Q: Sir, you think this is more important than RH bill?

I'm not saying that. The real engine of growth and prosperity in a country is investment.

Q: What is your reaction on the speech of Ambassador Thomas saying that 40 percent of male tourists come to the country for sex tourism?

Enrile: That's why I was asking if he could educate us and clarify where that number came from. I think I do not know whether he said it. If he said it, we would like to know. That is not our impression. Of course we cannot deny the fact that people come for certain reasons to see the place or to enjoy themselves personally. In the same way, even our nationals will go to their country to do the same thing or go to Europe and vice versa. To make a statement, an exact figure 40 percent, he did not say 10 percent or 5 percent, why 40 percent and not 45 percent or 35 percent. Where did he get that figure?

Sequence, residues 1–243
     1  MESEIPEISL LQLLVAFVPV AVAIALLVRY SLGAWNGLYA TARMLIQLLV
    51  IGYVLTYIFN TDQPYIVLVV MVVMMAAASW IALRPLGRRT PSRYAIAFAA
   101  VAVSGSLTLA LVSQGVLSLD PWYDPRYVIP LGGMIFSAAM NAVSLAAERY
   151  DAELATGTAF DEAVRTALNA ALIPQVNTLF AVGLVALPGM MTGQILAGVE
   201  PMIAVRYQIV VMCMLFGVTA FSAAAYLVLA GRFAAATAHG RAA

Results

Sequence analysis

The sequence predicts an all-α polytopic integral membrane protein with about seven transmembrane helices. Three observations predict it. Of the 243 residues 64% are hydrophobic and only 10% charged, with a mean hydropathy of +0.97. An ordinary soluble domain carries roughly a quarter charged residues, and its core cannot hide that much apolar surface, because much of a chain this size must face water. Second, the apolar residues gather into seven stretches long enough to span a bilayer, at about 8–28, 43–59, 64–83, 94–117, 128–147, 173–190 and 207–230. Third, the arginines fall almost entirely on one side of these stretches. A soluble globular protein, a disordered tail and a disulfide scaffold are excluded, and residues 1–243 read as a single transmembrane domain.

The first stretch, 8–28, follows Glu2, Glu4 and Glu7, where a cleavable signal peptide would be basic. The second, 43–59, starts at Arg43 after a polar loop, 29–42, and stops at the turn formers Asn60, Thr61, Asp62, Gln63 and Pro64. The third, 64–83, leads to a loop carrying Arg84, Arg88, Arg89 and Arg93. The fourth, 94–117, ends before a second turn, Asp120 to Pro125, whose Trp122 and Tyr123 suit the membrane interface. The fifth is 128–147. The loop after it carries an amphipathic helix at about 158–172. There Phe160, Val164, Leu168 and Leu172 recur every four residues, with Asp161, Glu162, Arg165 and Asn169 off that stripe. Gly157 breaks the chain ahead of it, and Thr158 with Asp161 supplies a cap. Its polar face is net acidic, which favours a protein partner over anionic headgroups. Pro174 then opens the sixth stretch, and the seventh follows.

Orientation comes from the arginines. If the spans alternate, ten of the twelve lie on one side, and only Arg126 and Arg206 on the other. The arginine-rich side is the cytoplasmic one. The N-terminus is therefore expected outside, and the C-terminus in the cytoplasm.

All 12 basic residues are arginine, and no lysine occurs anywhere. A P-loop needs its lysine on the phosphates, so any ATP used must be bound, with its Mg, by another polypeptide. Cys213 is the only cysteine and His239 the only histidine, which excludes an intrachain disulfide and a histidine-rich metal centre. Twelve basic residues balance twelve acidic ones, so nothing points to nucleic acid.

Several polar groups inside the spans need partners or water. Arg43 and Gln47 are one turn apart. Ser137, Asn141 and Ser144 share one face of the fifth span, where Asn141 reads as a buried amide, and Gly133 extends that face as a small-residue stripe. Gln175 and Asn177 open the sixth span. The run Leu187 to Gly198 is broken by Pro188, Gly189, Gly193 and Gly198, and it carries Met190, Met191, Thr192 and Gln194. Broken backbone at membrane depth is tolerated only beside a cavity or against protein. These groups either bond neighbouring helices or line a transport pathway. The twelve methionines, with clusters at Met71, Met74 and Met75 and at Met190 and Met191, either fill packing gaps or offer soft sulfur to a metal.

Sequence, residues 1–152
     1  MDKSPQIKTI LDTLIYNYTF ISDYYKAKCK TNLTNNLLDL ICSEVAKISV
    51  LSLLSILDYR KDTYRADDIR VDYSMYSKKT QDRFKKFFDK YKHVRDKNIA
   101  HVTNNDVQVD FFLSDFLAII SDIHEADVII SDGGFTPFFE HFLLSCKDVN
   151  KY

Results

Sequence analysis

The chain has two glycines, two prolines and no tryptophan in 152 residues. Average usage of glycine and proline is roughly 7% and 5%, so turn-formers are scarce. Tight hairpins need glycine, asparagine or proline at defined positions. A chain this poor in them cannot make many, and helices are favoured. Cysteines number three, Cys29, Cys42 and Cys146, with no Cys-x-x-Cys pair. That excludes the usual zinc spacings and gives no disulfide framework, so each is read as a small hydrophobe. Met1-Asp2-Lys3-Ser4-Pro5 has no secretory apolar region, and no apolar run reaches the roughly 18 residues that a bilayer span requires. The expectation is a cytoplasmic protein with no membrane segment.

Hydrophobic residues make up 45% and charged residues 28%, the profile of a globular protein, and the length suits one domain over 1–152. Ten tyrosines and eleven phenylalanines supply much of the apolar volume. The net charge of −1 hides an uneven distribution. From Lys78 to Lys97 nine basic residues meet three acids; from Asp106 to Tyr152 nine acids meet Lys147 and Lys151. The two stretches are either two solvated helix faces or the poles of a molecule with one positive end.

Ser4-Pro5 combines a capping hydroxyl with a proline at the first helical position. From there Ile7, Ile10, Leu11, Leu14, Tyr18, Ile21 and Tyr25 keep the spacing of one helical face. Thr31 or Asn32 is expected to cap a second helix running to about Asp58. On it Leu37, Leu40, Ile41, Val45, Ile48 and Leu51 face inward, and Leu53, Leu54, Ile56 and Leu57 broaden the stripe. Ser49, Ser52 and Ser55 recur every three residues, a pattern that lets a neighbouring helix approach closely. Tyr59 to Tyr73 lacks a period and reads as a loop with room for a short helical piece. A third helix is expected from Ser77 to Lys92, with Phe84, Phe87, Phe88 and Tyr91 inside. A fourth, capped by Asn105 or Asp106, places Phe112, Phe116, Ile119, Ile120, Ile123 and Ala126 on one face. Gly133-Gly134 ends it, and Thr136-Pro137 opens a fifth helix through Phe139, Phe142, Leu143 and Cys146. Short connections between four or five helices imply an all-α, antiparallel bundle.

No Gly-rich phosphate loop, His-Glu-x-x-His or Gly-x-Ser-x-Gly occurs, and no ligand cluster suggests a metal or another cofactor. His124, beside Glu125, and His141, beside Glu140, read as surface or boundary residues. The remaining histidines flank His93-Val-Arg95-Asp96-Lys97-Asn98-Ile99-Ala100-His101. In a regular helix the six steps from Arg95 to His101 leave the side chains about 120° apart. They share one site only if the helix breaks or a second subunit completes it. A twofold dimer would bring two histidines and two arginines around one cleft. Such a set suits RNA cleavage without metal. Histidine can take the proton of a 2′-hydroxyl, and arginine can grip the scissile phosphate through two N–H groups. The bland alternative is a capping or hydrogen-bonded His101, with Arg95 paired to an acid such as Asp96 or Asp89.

Q: Will you invite him?

Enrile: No, I don't have to invite him. I'm just asking him if he could please educate us.